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Originally posted by coffeesniffer
reply to post by Klassified
I guess it just go's to show how blaytent (insert any powerful figure/body here) are now with their public exibition of human corruption. Nothing will come of this, the show will continue. I guess what im really saying is the fire has always been burning, it continues to get hotter over time but we can't put it out without a much greater percentage of humans wanting to live a different way.
Just a stoned man's view of this
Originally posted by DimensionalDetective
reply to post by Xcathdra
What do you think about this one though, Xcath?
A JUDGE using this to throw someone in the slammer?
Something stinks to high heavens on multiple layers in this particular case, and I think Illinoise is in need of some major overhauls with this crap.
Originally posted by Britguy
I'd hardly call the videotaping or audiotaping "wiretapping" as it's done in plain sight most of the time and involves no illegal access to communications lines or equipment.
Also, isn't the courthouse a public area and the judge too a public employee? If so then as public servants they should have no need to privacy in a public building, and everything they say or do in the capacity of their profession should be a matter of public record.
The judge needs reminding that he/she is there to serve the public, not the other way around, which also applies to the police and any other taxpayer funded individual or organisation. It's called accountability!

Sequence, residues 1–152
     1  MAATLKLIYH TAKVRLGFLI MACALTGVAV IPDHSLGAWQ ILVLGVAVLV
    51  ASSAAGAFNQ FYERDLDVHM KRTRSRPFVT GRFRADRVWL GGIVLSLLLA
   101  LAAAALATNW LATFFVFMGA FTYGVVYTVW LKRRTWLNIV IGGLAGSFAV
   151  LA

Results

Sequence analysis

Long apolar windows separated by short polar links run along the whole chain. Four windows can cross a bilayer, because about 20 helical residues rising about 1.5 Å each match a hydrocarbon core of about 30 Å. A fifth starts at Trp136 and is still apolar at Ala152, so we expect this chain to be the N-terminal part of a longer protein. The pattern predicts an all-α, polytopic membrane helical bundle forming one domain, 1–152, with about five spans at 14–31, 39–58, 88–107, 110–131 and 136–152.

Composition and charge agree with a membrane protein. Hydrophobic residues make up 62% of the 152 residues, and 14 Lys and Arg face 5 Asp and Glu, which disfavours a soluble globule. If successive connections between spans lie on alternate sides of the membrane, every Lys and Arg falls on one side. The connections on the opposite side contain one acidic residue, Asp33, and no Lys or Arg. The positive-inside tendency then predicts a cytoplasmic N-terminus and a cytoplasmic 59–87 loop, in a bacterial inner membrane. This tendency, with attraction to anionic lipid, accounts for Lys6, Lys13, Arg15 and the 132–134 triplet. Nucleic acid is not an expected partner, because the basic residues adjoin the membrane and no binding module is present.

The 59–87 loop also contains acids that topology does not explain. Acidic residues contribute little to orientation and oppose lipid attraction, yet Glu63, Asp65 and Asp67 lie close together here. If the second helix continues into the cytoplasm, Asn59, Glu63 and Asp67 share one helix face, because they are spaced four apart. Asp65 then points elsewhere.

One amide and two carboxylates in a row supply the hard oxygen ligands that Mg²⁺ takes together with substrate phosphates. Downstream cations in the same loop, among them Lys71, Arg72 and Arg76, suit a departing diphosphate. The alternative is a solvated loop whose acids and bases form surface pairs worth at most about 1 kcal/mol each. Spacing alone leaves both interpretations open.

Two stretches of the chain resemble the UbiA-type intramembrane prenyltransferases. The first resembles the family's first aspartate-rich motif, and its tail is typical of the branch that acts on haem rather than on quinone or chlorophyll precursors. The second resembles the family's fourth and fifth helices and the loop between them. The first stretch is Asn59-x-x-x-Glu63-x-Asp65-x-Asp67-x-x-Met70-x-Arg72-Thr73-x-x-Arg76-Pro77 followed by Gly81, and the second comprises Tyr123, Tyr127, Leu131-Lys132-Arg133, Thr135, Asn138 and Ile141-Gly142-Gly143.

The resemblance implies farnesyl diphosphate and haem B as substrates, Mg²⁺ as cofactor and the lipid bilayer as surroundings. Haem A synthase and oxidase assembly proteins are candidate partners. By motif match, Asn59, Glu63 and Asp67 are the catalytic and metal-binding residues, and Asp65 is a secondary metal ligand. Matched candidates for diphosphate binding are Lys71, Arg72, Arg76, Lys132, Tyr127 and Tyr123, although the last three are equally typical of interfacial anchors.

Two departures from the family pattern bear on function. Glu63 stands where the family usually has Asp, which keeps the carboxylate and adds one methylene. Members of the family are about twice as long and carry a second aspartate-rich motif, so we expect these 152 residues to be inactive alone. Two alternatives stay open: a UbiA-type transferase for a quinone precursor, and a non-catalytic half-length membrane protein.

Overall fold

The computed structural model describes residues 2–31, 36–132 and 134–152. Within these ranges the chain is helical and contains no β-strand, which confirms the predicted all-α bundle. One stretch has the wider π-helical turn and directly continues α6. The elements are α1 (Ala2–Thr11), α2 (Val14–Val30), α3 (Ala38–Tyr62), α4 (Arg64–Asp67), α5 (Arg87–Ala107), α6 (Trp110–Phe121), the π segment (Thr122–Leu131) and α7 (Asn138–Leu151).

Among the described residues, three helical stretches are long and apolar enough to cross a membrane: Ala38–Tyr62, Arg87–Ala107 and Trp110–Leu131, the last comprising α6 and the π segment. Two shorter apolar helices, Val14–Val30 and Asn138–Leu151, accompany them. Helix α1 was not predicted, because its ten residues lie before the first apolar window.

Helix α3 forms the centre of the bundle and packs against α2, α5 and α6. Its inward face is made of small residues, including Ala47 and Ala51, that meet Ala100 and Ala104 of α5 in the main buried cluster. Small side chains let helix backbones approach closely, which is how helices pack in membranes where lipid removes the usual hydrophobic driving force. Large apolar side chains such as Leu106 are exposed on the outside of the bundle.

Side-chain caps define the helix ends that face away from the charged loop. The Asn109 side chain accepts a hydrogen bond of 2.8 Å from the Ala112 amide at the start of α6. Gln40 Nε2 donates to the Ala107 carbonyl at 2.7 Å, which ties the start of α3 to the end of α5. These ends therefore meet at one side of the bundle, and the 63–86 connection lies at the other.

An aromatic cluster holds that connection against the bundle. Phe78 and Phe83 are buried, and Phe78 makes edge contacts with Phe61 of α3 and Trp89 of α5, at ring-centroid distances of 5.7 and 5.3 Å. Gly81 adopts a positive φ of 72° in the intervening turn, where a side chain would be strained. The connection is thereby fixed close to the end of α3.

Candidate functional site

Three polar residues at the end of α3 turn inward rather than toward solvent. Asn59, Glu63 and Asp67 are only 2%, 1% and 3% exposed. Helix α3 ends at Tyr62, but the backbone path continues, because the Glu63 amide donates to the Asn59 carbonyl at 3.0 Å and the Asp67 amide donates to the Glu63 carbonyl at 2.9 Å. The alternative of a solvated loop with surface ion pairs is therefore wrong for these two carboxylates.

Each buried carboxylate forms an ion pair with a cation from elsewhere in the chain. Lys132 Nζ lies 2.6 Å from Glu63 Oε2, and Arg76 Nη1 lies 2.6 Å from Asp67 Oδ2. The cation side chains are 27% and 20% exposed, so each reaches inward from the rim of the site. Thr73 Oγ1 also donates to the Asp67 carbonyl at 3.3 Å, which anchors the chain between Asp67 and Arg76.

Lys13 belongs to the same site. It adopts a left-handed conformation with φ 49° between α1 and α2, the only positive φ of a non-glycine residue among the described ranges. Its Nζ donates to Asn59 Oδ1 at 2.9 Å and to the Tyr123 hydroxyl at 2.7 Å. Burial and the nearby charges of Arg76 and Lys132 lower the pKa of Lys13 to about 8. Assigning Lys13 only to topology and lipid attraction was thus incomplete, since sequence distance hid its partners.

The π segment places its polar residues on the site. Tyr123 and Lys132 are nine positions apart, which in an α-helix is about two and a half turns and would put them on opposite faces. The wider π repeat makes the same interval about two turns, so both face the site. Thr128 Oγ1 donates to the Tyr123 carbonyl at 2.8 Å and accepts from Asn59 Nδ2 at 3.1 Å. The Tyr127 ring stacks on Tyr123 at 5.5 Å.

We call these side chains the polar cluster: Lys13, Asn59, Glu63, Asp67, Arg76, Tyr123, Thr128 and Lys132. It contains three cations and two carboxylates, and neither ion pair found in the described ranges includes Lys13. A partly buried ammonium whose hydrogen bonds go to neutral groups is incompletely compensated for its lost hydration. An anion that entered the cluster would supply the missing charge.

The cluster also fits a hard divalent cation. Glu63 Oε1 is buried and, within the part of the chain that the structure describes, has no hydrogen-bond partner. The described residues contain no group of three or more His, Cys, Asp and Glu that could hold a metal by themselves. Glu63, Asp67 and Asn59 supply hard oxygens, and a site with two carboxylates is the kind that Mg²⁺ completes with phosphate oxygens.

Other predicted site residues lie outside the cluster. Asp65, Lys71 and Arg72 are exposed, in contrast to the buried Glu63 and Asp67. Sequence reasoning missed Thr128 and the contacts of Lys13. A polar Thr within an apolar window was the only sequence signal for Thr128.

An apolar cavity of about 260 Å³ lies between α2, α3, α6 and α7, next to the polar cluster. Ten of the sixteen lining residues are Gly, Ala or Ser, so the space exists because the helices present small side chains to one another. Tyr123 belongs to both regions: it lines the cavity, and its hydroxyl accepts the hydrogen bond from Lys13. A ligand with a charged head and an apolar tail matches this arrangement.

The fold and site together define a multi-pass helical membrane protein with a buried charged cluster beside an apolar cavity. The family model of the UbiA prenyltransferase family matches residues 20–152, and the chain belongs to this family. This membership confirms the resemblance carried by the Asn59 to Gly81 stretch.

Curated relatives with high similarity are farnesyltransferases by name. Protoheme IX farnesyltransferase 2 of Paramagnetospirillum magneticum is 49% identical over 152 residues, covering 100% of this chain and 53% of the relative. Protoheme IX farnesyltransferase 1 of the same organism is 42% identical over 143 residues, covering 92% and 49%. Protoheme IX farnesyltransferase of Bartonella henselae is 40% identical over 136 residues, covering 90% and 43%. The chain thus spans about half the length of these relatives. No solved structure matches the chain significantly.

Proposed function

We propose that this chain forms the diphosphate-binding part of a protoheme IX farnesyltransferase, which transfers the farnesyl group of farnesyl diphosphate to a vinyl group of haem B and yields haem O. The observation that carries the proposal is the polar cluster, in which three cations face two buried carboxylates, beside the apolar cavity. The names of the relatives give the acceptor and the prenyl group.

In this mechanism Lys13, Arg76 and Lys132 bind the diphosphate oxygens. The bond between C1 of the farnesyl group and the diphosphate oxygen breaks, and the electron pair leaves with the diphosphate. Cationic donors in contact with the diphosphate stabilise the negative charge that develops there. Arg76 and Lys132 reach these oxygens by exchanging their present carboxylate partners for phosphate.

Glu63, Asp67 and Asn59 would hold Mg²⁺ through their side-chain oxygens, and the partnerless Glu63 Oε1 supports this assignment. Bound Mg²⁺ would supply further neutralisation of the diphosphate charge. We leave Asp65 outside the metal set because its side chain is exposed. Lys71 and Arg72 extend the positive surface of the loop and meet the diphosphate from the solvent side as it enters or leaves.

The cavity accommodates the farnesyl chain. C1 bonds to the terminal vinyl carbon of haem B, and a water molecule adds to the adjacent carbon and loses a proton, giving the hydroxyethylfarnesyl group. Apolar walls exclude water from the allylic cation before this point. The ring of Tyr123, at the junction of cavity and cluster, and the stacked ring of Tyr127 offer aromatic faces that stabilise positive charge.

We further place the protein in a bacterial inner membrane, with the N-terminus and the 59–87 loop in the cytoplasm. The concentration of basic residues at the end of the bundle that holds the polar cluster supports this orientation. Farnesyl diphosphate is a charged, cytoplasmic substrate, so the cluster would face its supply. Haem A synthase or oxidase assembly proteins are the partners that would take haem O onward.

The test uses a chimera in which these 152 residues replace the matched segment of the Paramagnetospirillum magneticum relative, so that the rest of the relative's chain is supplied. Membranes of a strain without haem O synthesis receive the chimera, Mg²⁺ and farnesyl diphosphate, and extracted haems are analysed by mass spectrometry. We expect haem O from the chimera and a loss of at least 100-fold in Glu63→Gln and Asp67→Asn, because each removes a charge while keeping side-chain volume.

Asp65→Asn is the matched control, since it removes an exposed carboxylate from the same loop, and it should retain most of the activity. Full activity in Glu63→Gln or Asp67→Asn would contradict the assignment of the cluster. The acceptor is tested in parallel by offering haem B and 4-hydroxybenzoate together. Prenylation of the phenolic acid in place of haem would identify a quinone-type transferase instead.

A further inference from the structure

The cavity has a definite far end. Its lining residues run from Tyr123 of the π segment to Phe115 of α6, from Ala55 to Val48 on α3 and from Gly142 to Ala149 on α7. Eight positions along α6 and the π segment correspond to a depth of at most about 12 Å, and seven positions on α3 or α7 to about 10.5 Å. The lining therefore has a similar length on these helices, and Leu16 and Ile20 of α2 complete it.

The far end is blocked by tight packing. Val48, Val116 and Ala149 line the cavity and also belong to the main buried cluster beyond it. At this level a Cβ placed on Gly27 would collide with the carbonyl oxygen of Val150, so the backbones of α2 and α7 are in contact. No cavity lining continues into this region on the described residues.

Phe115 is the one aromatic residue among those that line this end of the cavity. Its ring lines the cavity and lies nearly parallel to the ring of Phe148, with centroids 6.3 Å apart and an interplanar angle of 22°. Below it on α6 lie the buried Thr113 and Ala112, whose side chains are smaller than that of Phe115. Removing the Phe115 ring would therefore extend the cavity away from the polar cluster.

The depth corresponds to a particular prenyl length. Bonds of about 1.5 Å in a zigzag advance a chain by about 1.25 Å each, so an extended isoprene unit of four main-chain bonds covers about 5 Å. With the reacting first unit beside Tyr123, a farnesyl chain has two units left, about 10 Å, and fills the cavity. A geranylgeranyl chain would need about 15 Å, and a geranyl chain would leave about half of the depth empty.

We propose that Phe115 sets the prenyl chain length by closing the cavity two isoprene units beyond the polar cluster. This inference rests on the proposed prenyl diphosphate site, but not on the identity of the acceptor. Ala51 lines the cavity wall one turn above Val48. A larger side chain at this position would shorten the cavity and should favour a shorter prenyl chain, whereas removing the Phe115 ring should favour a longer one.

Harrell then informed the defendant that he was in violation of the Illinois wiretapping law, which makes it a Class 1 felony to record someone without his consent. “You violated my right to privacy,” the judge said.
Originally posted by Xcathdra
Well, here is the kicker but let me completely explain. The Judge was correct in what he did. A State that requires 2 party consent in order to audio / video record cannot be done by proxy (another person giving consent to record another person). The article stated he talked to the county clerk, which is where the issue starts.
When he went to court with the recorder, he should have asked everyone present if it was ok for him to record. If one person objects, and that person is part of the court proceedings, then technically he just violated the Illinois wiretap law.
Originally posted by Sherlock Holmes
Have we actually got an independent source for this ?
I'm not entirely sure that it's true, or, more than likely, it has been blown out of all proportions for some reason.
Originally posted by TKDRL
You know, police should be scared of these laws.... Think about it, it is getting to a breaking point if it keeps going. If I am gonna get 75 years for recording some corrupt cop to expose evil.... Might as well kill and bury the cop instead and take my chances. At least killing the evil cop makes sure the cop can't victimize anyone else, recording it might not help at all, and still heading to jail. Makes sense to me.